In this work, the new functionalized MWCNTs was successfully synthesized and used for mercury and arsenic ions adsorption from aqueous solutions. FT-IR, TGA, EDS and FE-SEM analysis results confirmed the chemical modification process. Response surface methodology was applied for the evaluation of optimum values of the effective factors such as pH, adsorbent dose, and initial ions concentration. For correlating the experimental data, the quadratic model was applied. This model and ANOVA analysis results confirmed that the pH has the major effect on the adsorption process and the optimum conditions for adsorption of Hg(II) and As(III) by MWCNTs-COOH and MWCNTs-f were evaluated. Furthermore, the experimental data were in good agreement with the data predicted by the models with relatively small errors. The maximum removal efficiency of Hg(II) and As(III) under the optimum conditions were achieved as 80.5 and 72.4% by MWCNTs-f, respectively. Between the isotherms models, equilibrium data fitted well by the Langmuir isotherm for the mercury and arsenic adsorption. Also, the kinetic adsorption could be well explained by the pseudo-second-order kinetic equation. In addition, thermodynamic properties, ∆G°, ∆H°, and ∆S° were determined and exhibited that the adsorption processes were more efficient at the higher temperature and were endothermic as well as increasing in randomness. The adsorption–desorption experiments showed a small loss in the adsorption capacity of 6% after three cycles, demonstrating a good regeneration capacity of MWCNTs-f for treating wastewater containing mercury and arsenic ions. Comparison of MWCNTs-f adsorption capacity with other adsorbents in the literature revealed that there are the great potentials and applications of the new modified adsorbent of this work (MWCNTs-f) for adsorbing Hg(II) and As(III) ions from aqueous solutions.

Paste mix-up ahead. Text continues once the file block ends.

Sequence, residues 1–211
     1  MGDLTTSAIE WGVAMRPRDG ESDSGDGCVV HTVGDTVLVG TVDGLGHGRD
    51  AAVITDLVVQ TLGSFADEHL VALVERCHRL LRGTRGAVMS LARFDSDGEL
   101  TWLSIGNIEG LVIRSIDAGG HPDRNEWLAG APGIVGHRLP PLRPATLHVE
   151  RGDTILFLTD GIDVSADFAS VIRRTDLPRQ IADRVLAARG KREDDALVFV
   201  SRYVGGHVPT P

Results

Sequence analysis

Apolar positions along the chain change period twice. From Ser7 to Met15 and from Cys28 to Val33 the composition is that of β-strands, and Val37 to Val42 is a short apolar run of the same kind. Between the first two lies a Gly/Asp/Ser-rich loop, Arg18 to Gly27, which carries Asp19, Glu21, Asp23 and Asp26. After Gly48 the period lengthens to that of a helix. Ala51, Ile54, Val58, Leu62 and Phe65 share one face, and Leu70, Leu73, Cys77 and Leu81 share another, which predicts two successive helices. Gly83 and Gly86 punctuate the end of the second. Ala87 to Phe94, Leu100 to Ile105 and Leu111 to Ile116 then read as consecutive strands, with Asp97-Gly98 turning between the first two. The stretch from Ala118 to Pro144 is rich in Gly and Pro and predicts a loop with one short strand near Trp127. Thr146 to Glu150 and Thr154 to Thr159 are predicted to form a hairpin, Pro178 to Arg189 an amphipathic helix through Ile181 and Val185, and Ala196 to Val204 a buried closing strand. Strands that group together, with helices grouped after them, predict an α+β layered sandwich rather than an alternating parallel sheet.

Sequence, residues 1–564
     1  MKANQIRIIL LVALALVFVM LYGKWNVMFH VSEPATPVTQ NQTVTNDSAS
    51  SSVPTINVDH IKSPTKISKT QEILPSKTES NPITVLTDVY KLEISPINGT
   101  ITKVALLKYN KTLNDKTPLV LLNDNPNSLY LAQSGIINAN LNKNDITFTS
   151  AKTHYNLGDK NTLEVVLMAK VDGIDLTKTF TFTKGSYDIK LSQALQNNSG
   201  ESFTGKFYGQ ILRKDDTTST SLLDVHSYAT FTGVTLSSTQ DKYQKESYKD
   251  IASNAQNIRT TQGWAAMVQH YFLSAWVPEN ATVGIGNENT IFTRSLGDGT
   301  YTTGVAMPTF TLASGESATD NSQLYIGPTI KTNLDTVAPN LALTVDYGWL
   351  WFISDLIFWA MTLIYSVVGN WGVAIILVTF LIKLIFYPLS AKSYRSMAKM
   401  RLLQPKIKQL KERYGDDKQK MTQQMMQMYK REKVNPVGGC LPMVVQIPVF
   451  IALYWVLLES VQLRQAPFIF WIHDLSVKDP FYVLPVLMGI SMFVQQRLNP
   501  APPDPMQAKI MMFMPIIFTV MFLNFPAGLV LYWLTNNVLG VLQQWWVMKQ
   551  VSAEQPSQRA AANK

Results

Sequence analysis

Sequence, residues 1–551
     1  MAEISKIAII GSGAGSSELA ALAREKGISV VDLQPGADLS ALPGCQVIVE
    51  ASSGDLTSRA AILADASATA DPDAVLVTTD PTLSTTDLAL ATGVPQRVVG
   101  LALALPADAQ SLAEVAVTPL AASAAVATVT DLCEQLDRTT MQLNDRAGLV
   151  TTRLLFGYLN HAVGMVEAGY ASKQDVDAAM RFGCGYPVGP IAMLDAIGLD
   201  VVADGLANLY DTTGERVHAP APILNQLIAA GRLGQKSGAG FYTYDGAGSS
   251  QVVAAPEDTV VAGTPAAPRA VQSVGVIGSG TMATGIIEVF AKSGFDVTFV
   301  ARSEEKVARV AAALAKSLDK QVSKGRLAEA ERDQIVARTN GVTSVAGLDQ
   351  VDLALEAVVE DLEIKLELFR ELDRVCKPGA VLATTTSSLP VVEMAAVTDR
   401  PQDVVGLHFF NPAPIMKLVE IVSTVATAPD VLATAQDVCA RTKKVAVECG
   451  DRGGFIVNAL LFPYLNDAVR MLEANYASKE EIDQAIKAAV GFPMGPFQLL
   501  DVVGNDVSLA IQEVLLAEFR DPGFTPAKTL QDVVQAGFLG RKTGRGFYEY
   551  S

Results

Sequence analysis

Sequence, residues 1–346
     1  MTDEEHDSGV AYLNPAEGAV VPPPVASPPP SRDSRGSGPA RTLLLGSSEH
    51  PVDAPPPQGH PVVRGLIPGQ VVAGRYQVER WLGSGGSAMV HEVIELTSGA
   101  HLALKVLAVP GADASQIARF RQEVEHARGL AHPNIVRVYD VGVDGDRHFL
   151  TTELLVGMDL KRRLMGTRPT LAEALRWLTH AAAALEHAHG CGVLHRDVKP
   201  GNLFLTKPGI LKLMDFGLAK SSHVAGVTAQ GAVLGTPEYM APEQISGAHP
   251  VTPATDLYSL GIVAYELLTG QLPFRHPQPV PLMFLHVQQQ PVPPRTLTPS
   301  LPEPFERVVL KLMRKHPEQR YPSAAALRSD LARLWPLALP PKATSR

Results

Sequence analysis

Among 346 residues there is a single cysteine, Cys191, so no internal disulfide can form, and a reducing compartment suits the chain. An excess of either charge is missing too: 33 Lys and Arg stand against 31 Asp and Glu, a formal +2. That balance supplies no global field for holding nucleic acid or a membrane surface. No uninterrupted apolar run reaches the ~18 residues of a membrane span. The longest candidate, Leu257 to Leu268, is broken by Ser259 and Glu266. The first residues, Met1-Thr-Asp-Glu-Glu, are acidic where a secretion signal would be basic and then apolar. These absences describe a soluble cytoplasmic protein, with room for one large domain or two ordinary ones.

The financial and encouragement support provided by the Research Vice Presidency of Semnan University, (, zip code: 35131-19111, Tel/Fax: +98 2333654120, Semnan, Iran and Ayatollah Amoli Branch, Islamic Azad University, zip code: 46351-43358, Tel.: +98(11) 43217000-3, Fax:+98(11)43217041,, Amol, Iran.